I create beautiful songs in my dreams. My songwriting ability slumbers when I am awake. I have great admiration for those who create beautiful songs while not snoring. I once talked with a musician about songwriting. He told me that he would take something from another’s song and make it his own. He could build an entire song on a few notes that he had heard. I have heard other musicians say the same thing. It’s not about plagiarism. It’s about creating something new from a bit of something else. James Morrison has named Stevie Wonder as one of his major musical influences. You Give Me Something (2006) proves that James Morrison was writing under the influence beyond a reasonable doubt. It is a beautiful song, case closed.

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The Greatest Man I Ever Knew

There is a path that all of us are supposed to take. We are held responsible for every thought, action, emotion, and desire. Only a small number of us have completed this path. It happens to be very difficult. It fills me with great joy when I encounter someone who is on this path. I met a man on this path about a decade ago. His name was Dave Register. He was like a second father to me. He was everything that I aspire to be before I leave this earth. He was godlike. I felt something break inside of me when I lost him after a few years. I often consider my love for him when I listen to Stevie Wonder’s If It’s Magic (1976). Dave Register was the greatest man I ever knew.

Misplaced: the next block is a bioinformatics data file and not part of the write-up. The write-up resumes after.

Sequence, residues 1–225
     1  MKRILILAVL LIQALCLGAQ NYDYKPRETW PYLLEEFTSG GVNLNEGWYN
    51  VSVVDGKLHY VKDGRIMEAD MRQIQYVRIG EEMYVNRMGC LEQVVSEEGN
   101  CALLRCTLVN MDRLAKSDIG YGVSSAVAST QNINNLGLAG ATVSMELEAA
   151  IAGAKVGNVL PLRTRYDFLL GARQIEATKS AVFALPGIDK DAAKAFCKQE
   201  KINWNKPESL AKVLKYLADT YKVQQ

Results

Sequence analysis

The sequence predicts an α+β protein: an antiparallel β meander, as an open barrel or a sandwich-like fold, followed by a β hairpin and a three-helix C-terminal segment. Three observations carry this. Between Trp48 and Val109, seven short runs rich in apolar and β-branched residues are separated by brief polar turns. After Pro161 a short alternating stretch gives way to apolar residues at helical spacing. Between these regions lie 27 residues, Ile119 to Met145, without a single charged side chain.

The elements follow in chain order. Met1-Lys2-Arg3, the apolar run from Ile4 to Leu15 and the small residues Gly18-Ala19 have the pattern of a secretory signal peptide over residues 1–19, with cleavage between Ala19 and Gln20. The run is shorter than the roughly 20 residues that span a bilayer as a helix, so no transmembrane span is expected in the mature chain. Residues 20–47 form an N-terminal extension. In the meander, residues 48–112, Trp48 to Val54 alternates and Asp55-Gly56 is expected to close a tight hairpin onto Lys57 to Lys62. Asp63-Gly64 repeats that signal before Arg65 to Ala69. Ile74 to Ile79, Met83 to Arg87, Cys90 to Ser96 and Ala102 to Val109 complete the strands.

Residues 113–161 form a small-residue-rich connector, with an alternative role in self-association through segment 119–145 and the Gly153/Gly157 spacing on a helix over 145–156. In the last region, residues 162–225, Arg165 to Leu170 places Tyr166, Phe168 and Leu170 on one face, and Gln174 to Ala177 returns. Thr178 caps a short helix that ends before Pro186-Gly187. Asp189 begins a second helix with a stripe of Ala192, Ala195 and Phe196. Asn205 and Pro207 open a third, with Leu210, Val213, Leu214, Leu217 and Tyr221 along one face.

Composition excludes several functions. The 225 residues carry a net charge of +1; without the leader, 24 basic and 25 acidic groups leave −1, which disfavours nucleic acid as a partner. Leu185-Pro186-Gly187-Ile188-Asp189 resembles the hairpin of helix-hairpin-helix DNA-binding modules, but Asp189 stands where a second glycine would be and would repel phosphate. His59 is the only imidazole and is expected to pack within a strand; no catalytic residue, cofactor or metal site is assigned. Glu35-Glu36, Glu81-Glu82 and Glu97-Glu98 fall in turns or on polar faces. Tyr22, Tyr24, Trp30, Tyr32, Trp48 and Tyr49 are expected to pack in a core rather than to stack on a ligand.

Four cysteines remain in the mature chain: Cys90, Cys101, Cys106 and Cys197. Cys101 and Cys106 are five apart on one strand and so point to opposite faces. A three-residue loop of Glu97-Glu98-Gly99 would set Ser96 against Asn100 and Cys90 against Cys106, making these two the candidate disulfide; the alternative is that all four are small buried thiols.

In Loving Memory Of Dave Register

In Loving Memory Of Dave Register

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Someday At Christmas

I love Christmas songs. I just found out how hard it can be to choose a favorite one. Stevie Wonder’s Someday at Christmas (1967) is my pick. Stevie sang this song first and his version is best. Other Christmas songs focus on how magical Christmas is. This song focuses on how magical Christmas could be. It gives us something to work toward. It lets us know that our hard work will be worth it. Merry Christmas and Happy Holidays to all of you.